Misdemeanor VS. Felony: Which Is Worse? 

The concept of the law-old wooden hammer referee,

If you find yourself facing charges, you might wonder what they mean and how serious they really are. Misdemeanors and felonies are two common charges that you could be facing, and it’s critical to know the distinctions between the two of them. What are the differences in outcomes if you’re charged with a misdemeanor versus a felony? 

Learn more about the difference between these two types of crimes here: 

What Is a Misdemeanor? 

A misdemeanor is a charge that falls somewhere in between infractions and felonies. It isn’t quite as serious as a felony, but that doesn’t mean it isn’t serious. You can still face consequences that will have a major impact on your life. You can face shorter jail terms (typically less than one year) and more minor fines. Most of the time, you’ll face financial restitution and may not have any jail time at all. 

Misdemeanors are often less serious crimes such as shoplifting or possession of certain drugs like marijuana (depending on your location). 

If you’re convicted of a misdemeanor, one of the benefits is that you’ll still retain all of your civil liberties, whereas a felony may strip you of some of those rights. 

What Is a Felony? 

While misdemeanors are serious, they are mild in comparison to felonies. A felony is one of the most serious charges you can face and comes with the harshest consequences. There is very little room for negotiation on charges or plea bargains when you’re up against a felony accusation. Be prepared for the worst if the charges against you fall into this category.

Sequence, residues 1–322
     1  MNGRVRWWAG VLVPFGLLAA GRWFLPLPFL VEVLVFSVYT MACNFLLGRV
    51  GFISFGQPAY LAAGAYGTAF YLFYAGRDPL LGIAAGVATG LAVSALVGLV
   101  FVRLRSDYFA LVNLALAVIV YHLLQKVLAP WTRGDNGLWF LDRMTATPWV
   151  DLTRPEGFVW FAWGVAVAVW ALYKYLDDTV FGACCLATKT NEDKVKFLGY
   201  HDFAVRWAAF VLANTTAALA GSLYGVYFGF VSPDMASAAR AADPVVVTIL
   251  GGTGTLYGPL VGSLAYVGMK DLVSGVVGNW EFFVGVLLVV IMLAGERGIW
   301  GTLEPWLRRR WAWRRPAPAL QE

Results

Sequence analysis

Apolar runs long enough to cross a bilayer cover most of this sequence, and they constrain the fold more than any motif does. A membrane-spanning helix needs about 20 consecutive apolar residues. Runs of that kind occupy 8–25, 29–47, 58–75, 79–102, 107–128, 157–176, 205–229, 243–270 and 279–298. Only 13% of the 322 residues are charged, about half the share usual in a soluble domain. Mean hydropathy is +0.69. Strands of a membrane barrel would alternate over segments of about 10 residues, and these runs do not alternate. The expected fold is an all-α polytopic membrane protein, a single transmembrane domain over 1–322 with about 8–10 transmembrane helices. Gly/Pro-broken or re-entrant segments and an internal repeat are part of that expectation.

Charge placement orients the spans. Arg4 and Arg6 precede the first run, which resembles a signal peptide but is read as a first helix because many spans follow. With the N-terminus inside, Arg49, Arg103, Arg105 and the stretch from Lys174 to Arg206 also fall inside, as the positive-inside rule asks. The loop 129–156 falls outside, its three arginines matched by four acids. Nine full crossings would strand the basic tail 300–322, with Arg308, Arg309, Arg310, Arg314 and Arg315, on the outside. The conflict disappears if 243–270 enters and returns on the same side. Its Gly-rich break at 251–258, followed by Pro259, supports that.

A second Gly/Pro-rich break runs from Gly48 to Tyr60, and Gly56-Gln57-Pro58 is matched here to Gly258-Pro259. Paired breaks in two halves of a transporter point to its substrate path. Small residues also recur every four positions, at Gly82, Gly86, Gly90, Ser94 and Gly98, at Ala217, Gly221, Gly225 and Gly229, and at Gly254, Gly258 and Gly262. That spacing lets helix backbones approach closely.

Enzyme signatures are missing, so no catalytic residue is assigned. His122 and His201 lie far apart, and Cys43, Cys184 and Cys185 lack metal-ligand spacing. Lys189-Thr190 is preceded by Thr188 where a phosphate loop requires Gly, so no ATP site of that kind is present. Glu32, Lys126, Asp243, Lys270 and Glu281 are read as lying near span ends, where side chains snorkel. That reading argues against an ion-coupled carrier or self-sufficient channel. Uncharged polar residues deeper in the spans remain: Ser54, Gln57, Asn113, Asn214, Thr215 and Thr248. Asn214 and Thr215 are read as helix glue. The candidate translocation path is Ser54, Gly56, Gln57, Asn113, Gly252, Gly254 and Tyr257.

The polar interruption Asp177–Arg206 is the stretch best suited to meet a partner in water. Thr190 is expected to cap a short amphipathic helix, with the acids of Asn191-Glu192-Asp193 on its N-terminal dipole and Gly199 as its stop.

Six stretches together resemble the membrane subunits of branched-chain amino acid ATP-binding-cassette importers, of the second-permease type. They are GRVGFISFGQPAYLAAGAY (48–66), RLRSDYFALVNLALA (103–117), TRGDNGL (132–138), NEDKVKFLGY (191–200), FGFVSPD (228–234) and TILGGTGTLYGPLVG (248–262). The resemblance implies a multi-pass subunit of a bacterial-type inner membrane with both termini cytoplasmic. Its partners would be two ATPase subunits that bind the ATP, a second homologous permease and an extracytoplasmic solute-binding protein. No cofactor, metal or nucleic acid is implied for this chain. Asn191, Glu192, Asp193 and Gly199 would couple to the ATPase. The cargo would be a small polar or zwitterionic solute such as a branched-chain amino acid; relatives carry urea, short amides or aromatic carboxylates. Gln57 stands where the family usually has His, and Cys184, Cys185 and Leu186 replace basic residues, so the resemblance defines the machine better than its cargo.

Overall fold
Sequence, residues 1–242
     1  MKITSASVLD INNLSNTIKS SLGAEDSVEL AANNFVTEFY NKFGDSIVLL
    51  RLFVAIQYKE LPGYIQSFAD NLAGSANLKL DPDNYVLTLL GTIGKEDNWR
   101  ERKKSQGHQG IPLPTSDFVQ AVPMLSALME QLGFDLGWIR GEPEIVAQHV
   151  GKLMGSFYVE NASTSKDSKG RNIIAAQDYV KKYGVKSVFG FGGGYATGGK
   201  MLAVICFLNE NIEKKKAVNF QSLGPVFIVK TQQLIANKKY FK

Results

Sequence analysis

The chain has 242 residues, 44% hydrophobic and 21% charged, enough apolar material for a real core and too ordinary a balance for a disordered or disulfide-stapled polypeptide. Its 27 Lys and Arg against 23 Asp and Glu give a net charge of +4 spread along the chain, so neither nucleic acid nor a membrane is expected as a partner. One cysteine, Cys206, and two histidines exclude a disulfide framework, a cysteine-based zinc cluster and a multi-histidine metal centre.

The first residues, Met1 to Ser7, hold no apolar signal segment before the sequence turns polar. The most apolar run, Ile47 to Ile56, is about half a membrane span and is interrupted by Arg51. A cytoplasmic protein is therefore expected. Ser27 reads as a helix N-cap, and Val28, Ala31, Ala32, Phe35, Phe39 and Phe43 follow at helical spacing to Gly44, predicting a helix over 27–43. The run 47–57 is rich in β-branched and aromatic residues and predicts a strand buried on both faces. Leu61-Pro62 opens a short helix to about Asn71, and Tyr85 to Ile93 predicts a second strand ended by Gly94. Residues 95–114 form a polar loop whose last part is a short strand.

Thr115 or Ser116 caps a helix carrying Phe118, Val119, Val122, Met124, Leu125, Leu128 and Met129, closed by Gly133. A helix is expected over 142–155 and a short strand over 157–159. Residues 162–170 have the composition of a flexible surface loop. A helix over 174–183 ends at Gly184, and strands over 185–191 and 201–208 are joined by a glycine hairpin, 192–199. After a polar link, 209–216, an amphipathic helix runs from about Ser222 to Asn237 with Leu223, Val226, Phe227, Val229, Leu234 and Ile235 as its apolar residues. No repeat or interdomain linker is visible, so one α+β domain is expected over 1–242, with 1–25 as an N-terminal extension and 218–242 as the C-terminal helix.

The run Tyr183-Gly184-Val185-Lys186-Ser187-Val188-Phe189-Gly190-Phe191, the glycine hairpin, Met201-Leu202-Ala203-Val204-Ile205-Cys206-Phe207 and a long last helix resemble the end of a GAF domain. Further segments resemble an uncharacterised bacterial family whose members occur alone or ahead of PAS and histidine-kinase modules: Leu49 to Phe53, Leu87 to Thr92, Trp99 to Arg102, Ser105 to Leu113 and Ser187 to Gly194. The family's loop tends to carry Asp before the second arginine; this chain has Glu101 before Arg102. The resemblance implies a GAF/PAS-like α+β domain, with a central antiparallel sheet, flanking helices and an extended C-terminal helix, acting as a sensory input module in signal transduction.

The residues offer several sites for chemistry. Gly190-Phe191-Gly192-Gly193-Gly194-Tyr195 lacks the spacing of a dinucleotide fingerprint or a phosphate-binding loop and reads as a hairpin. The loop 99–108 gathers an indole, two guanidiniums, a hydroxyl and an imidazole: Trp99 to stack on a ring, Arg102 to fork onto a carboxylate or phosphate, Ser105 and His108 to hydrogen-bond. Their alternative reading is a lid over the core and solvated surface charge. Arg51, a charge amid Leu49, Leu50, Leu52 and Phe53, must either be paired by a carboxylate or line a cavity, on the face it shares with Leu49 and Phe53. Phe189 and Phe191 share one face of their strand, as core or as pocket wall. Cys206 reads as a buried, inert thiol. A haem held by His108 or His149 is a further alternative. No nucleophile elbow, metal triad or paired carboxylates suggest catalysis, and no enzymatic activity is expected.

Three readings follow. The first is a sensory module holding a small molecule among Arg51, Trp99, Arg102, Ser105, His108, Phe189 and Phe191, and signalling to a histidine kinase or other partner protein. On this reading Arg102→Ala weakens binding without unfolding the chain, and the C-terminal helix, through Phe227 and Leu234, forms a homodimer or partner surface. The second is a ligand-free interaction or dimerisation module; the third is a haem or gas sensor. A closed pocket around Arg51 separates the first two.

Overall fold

For the most part, a felony will have a much longer jail or prison sentence than a misdemeanor. You may face anywhere from one year in prison to a lifetime in prison. You may also be moved to a high-security prison to serve your sentence instead of the local jail. 

In addition to more jail time, you could also face much steeper fines and penalties. 

A felony can encompass any number of crimes ranging from murder to armed robbery to rape or sexual assault. It can also include grand theft (both auto and possessions). 

If you’re convicted of a felony, you may have some of your civil liberties taken away, such as the right to bear arms, the right to vote, and the right to serve on a jury in the future. While these may seem small, you can be deprived of them in addition to serving jail time and paying heavy fines. 

Combat Your Charges

No matter whether you’re facing misdemeanor or felony charges, you need an attorney with the experience to represent you well. If you’re looking for a Winnipeg criminal defence lawyer, look no further than Brodsky Amy & Gould. We can help you face your charges and minimize the sentence that goes along with them. Give us a call today to learn more about how we can help you in your latest case!